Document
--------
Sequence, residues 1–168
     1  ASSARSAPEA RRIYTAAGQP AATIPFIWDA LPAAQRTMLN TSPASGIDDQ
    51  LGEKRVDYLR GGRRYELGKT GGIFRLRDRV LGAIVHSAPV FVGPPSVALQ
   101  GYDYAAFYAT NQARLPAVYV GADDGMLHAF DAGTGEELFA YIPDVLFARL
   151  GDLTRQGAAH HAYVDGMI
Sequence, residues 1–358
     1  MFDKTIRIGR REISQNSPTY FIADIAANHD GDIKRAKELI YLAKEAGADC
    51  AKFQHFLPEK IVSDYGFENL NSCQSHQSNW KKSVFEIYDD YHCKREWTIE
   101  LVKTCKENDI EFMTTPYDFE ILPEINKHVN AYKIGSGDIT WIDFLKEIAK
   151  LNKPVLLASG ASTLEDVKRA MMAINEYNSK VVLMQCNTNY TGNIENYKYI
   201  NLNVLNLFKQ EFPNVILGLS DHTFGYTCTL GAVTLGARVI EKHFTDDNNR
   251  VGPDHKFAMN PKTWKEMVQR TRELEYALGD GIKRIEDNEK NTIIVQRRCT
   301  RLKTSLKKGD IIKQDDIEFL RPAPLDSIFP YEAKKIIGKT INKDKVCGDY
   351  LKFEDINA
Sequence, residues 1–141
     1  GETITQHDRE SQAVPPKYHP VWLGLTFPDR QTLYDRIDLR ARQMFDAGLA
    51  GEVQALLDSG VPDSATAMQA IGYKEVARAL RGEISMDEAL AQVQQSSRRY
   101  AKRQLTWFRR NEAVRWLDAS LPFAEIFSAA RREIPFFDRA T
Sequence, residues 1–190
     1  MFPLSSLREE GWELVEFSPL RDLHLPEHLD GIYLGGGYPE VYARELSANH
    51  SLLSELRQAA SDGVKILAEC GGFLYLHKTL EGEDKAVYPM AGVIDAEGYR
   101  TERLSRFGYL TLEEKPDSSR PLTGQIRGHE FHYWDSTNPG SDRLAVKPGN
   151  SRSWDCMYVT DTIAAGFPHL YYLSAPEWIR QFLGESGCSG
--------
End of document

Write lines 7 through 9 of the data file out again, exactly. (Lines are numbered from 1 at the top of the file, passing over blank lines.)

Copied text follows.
     1  MFDKTIRIGR REISQNSPTY FIADIAANHD GDIKRAKELI YLAKEAGADC
    51  AKFQHFLPEK IVSDYGFENL NSCQSHQSNW KKSVFEIYDD YHCKREWTIE
   101  LVKTCKENDI EFMTTPYDFE ILPEINKHVN AYKIGSGDIT WIDFLKEIAK